Shades of the 2008 Financial Crisis

A relatively new type of security with ties to the 2008 financial crisis is shaking up the Canadian preferred share market.  The security goes by different names depending on where it is issued, and in Canada it is known as Limited Recourse Capital Note (“LRCN”), and in the US it is known as an Additional Tier 1 Capital Note (“AT1”).

Following the 2008 financial crisis regulatory authorities increased their scrutiny on financial institutions and their ability to absorb losses in the event of a financial collapse.  One of the regulations adopted by many global regulatory authorities was to increase tier-one capital ratio1 requirements for banks.  To manage this new liquidity requirement, a new type of debt security provision was created called non-viable contingent capital (“NVCC”).  NVCC gives banks the flexibility to increase their tier-one capital in emergency situations by allowing issuers of NVCC bonds to convert them to equity under pre-determined trigger events.  An NVCC trigger event is unlikely, but if triggered, an NVCC bondholder would likely face a significant loss on their investment.  NVCC is also a core provision found in LRCNs/AT1s.

A Game-changer

The Big-6 Canadian banks (“Big-6”)2 have historically been regular issuers in the Canadian preferred share market and Big-6 preferred share issuances represented approximately 30% of the overall Canadian preferred share market3 as of August 31st, 2020.  From the perspective of a bank, issuing preferred shares has been attractive because preferred shares can be attributed to tier-one capital and are generally a cheaper form of raising capital than issuing common stock.  From the perspective of an investor, buying preferred shares has been attractive because they provide a generally predictable stream of income with attractive yields that are also tax-efficient.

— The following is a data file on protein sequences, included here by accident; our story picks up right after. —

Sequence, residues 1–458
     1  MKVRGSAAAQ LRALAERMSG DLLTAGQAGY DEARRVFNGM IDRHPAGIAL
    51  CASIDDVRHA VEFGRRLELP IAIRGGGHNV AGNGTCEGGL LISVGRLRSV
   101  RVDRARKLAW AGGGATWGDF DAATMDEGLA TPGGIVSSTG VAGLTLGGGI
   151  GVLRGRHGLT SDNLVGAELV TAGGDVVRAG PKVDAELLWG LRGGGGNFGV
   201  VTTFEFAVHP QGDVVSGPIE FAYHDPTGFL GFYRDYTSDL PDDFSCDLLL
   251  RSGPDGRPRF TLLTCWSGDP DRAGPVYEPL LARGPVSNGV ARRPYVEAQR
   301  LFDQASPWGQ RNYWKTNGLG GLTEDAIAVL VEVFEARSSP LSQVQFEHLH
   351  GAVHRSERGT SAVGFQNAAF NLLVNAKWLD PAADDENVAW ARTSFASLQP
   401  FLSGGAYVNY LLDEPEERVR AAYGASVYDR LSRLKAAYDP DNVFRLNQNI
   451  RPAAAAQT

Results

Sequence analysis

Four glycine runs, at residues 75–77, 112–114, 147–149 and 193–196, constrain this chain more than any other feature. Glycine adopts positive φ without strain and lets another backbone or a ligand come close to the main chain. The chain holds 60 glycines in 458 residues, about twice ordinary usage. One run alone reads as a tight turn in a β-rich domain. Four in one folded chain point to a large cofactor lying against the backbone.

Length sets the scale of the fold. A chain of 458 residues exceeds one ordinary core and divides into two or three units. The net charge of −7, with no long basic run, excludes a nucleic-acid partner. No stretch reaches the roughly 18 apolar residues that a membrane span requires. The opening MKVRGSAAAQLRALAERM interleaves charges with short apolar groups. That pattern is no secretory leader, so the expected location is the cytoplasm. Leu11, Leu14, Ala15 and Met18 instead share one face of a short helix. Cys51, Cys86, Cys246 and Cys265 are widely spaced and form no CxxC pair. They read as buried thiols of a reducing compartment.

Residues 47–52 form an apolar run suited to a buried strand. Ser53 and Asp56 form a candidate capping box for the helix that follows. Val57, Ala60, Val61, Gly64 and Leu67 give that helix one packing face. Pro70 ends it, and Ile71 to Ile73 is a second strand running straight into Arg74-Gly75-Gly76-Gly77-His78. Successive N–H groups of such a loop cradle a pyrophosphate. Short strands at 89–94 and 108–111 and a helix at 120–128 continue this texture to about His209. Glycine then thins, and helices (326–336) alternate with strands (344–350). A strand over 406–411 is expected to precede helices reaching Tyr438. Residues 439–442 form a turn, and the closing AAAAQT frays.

There are at least two reasons that LRCNs/AT1s are game-changers for banks:

  • It allows the banks to satisfy their tier-one capital requirements with regulators.
  • By shifting from issuing preferred shares to LRCNs/AT1s, bank issuers can improve their net income via the tax deductibility of LRCN/AT1 interest payments and in effect claim the tax benefit that had typically gone to investors through preferred shares.

Consider Chart 1, which shows how the Big-6 have been conspicuously absent from the new issue preferred share market over the past five calendar quarters, instead favouring massive LRCN/AT1 issuances.  The vast majority of Big-6 preferred shares (88%) are “fixed-reset”4 preferred shares, which means their dividend payments adjust every five years based on a pre-determined yield spread (“reset spread”) above the prevailing 5-year government bond yield; on every reset date, the issuer has the option to either call the preferred share or have the dividend reset and extend the call date another five years.  LRCNs/AT1s also follow the same fixed-reset coupon structure.


Given the trend of the Big-6 issuing LRCNs/AT1s over preferred shares, investors may be wondering if it means that Big-6 preferred shares will disappear from the market all together as, over time, the individual banks may call their outstanding preferred share issues.  The short answer is maybe, although a cost-benefit analysis may give a better picture of which preferred share issues have a higher likelihood of being called and those that have a lower likelihood of being called.

For fixed-reset preferred shares and LRCNs/AT1s, a comparable cost metric between the securities are their reset spreads, as the reset spread indicates the additional yield the issuer must pay to investors.  Reset spreads are determined at their time of issuance and are based on the market appetite for risk (e.g. low reset spreads are indicative of a high appetite for risk at the time of issuance and high reset spreads are generally indicative of a low appetite for risk at the time of issuance).  Therefore, the decision for an issuer to call an existing preferred share and replace it with an LRCN/AT1 ultimately hinges on their relative yield spreads and factoring in the tax benefit the issuer gains from issuing an LRCN/AT1.

At-Risk Big-6 Preferred Shares